Some philosophical questions, for instance around morality, are extremely difficult to answer. But there should always exist some true answer if you define the question precisely enough. Similarly, some history questions are most likely unanswerable since there is no historical record that could answer them. But that doesn’t mean that history is subjective, or at least not more than a scientific pursuit like reconstructing the history of plate tectonics.
I’m including this section because I have a feeling it will be mentioned if I don’t, but frankly I don’t find the objectivity-subjectivity debate that interesting. Every piece of knowledge is mediated by human consciousness and is therefore subjective to a degree; every piece of knowledge is also factually true or false in reality and therefore objective. Maybe it’s true that science ends up studying those for which the objectivity is more evident, while the humanities are interested in things like art that allow for a subjective appreciation. (And the social sciences try to be objective like the hard sciences, only to fail because they deal with messy human affairs that rely on A LOT of interpretation.) But even so, that doesn’t seem like the main distinction.
Science is complicated. In school, it is meant for the brightest students. It leads to higher salaries because fewer people can do it. It relies on unintuitive tools, like advanced math, that only smart people can comprehend. At the extreme, some sciences — such as quantum physics — are so complex that even the majority of science-educated people can’t even hope to understand them. We call this part of knowledge the “hard sciences,” because science is HARD.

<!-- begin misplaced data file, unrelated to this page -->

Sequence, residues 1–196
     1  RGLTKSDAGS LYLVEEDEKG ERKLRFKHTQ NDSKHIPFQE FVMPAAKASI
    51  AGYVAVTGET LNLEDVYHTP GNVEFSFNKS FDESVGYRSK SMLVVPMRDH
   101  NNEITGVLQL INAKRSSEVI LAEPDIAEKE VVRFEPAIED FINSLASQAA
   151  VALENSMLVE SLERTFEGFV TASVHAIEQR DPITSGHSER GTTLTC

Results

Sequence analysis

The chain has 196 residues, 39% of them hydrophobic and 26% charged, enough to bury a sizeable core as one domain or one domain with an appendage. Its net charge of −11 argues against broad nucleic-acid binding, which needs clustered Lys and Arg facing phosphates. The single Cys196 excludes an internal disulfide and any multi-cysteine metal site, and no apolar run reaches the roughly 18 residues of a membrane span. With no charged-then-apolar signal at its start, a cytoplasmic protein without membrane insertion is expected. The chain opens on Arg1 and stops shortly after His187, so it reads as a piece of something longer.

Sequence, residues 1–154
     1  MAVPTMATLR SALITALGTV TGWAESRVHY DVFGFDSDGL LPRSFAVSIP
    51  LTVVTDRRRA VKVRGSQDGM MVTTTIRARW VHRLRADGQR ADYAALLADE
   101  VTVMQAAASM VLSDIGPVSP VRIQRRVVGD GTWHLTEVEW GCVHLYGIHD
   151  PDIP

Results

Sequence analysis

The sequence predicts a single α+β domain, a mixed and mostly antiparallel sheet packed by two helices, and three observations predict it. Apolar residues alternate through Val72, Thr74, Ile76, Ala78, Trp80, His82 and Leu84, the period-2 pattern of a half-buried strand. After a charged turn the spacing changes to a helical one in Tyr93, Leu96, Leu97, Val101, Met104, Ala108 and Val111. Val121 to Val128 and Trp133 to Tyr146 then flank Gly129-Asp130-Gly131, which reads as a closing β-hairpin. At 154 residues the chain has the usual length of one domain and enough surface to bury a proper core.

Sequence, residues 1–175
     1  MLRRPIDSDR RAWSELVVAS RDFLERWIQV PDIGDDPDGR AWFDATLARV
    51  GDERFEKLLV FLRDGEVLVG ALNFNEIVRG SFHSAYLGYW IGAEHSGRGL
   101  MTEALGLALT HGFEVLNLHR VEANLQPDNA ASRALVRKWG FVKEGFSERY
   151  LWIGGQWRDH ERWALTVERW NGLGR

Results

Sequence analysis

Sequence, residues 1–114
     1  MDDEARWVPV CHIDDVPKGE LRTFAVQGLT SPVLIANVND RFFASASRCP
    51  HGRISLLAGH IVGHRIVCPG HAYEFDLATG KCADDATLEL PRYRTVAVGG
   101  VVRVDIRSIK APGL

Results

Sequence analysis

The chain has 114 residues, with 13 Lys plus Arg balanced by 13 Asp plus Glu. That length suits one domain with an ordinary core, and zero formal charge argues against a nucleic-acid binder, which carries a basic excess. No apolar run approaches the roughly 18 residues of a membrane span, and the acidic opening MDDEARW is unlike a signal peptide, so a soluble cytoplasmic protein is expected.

The humanities, by contrast, are simpler. What they study is centered on humans, so their theories are always easier to understand. Art and literature wouldn’t be interesting if they were too complex and abstract. While science requires people to know how to read, write, reason, and use math and programming, the humanities just rely on the first three. So they are much more accessible — and much easier to get an A for in a college course.
(Here the social sciences are a mixed bag: they’re sometimes described as the soft sciences, but at the same time, nobody truly understands macroeconomics.)
My instinct is to say that this is a dumb argument. The humanities can be extremely complex — just think of elaborate philosophical arguments, such as Kant’s Critique of Pure Reason — while there’s plenty of science that is simple to understand. Natural selection, for example, is at its core a straightforward argument. So is heliocentrism. When you think about “science,” you may naturally tend to think about complex current questions (like the multiverse interpretation of quantum physics), but a lot of our understanding of the natural world is simple enough that it was settled a long time ago. That doesn’t make it unscientific.
Yet is there a grain of truth here? Science does use math much more than the humanities do, and math really is counterintuitive to our minds. The separation of STEM and non-STEM students, whether desirable or not, is real. My own experience growing up proves that smart students are very commonly pushed to the scientific fields even if they are not that interested in them.
Complicatedness is not a good way in theory to distinguish science and the humanities. But in practice, it may well be the cause of the split into two rival cultures. The ones who can do math, and the ones who can’t.
5. Reading the Classics
But while the STEM students do more math, there’s one thing that the humanities students spend far more time on than the science types: they read old texts.